Donatello’s Statue of David in Bronze


Commissioned by Cosimo the Elder of the Medici family, the world-famous bronze David statue was completed in the 1430s. It was designed to sit outdoors, in the courtyard of the Medici Palace, and boasts a scratched surface texture. This limits reflection from the statue, making it appear opaque. Donatello concentrated particularly on surface variations throughout his work, and was known for his use of ‘chasing’ and ‘partial gliding’. In fact, recent restoration work has revealed some of these details in their original splendour! This statue of David is also known to be the earliest surviving full-scale nude sculpture from the Renaissance period.

Standing on Goliath’s head, David looks incredulous, as if he can’t believe what he has just achieved. He also looks a little unstable. Donatello never made use of simple sculpted logs to physically support his statues, as was the norm in Classical sculpture. Instead, Donatello’s supports were better-concealed, more sophisticated, and relevant to the story itself. In this particular statue, Goliath’s helmet's wing brushes gently against David’s leg, acting as a support. In-keeping with Roman tradition, David almost seems to be standing triumphantly on a cart. Donatello was always able to evoke the stories behind his sculptures in just a few simple details and gestures. Some people believe that he wanted to challenge Polykleitos in this way, with his lifelike expressions and realistic proportions.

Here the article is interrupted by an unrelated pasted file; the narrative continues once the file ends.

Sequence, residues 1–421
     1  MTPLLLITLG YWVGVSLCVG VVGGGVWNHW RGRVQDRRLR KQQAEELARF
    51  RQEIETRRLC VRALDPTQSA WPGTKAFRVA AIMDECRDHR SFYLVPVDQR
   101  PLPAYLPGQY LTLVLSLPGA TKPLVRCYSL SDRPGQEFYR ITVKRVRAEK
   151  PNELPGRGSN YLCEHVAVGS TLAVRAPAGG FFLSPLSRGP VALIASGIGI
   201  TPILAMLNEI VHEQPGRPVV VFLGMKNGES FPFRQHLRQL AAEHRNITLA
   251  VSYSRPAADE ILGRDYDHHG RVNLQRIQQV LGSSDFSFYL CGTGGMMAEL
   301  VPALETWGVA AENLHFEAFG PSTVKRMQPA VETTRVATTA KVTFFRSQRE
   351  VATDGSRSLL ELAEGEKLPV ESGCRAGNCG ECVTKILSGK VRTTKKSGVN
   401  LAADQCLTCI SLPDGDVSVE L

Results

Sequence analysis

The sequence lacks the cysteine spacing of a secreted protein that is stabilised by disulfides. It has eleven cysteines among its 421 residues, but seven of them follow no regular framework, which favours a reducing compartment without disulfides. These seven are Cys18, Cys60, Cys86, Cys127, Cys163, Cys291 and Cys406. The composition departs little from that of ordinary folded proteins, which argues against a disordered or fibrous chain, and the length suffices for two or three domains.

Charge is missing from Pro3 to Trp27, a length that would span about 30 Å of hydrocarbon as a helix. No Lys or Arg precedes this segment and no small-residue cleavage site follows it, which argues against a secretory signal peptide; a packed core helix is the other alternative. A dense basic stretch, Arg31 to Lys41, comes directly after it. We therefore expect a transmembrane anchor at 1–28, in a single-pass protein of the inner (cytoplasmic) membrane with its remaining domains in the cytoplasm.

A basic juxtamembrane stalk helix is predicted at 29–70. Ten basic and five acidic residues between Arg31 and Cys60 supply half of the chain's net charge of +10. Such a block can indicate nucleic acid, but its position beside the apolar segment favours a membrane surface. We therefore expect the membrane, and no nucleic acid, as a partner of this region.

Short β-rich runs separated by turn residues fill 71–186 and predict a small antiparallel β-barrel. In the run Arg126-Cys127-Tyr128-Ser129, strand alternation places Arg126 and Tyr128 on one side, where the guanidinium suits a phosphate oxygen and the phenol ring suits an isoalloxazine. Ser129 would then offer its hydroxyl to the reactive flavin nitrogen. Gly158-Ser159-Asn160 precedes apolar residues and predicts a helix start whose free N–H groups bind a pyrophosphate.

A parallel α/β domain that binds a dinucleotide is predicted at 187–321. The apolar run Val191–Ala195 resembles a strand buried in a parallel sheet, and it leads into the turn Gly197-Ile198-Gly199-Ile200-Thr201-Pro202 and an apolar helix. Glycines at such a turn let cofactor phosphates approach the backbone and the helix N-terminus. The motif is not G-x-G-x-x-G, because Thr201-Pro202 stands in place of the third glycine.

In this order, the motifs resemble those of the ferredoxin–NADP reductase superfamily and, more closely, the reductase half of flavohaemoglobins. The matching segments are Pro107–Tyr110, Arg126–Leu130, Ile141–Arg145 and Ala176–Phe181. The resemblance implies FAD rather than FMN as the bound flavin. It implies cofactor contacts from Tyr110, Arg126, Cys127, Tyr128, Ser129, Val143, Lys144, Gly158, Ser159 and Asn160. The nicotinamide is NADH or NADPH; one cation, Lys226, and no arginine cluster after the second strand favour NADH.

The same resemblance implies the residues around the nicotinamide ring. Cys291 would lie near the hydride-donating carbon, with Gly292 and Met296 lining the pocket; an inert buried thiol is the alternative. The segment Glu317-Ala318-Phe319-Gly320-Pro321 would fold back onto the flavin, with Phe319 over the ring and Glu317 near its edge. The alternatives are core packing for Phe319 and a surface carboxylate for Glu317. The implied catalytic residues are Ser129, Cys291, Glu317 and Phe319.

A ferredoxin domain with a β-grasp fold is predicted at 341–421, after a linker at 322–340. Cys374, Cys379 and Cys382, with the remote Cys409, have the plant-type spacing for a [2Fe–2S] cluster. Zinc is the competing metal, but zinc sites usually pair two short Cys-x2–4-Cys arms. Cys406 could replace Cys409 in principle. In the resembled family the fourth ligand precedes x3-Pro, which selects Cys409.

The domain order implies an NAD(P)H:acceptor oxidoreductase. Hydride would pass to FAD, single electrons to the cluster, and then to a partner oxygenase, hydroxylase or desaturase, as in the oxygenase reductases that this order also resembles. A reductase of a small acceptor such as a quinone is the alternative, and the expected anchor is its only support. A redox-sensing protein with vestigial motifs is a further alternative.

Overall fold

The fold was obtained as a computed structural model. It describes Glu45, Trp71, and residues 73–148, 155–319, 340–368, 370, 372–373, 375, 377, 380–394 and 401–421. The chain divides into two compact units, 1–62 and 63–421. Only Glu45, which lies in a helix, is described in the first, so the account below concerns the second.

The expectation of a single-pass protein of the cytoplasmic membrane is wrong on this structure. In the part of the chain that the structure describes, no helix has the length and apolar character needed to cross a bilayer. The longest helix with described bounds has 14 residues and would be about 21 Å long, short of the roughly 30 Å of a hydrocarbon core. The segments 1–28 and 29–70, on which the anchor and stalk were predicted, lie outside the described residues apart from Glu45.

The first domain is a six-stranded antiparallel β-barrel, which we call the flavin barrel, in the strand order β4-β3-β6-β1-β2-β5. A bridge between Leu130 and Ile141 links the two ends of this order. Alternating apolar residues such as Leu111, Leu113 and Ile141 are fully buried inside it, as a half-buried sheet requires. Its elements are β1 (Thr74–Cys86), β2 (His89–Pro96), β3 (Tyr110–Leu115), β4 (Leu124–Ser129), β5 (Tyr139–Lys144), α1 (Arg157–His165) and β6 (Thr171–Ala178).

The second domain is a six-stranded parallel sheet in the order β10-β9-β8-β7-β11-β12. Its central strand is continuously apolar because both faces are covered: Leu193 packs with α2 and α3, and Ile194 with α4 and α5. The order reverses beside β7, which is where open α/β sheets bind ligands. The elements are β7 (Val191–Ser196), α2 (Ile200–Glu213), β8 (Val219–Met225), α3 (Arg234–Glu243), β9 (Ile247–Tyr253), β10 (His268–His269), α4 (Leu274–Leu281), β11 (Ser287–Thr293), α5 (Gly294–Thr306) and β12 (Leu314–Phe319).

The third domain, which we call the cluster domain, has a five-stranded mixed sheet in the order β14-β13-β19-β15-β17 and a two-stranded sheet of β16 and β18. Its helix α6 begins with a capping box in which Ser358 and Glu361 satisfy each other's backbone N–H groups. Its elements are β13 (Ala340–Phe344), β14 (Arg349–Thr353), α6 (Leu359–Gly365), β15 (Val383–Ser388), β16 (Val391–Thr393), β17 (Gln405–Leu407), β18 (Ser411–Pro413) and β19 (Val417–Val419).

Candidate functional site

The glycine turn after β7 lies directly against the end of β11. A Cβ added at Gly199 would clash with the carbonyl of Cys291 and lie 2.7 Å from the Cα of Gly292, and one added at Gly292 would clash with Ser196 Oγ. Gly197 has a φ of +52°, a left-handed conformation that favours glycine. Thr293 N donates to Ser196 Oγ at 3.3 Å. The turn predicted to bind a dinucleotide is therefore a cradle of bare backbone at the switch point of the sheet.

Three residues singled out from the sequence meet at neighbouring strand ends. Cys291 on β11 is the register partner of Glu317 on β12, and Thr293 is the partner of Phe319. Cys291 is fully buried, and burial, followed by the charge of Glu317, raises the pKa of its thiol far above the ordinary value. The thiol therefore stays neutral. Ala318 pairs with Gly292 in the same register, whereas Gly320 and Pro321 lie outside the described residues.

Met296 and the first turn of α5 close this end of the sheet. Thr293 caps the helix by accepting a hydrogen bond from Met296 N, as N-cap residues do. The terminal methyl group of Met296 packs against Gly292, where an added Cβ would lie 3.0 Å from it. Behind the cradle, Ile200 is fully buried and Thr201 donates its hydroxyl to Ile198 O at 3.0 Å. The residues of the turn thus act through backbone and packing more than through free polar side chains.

Verrocchio’s Statue of David in Bronze 


Verrocchio’s statue of David, which dates back to the late 1460s, depicts a youthful warrior. It is the artist’s first statue in bronze. Verrocchio’s young David, who stands triumphantly over Goliath, portrays the biblical hero. Often used as a symbol of political freedom, this image of David was a great inspiration to Florentine art in the late-15th and early-16th centuries. When the statue was restored in 2002, gilding was revealed on the edges of his tunic and shoes, as well as his eyes and hair.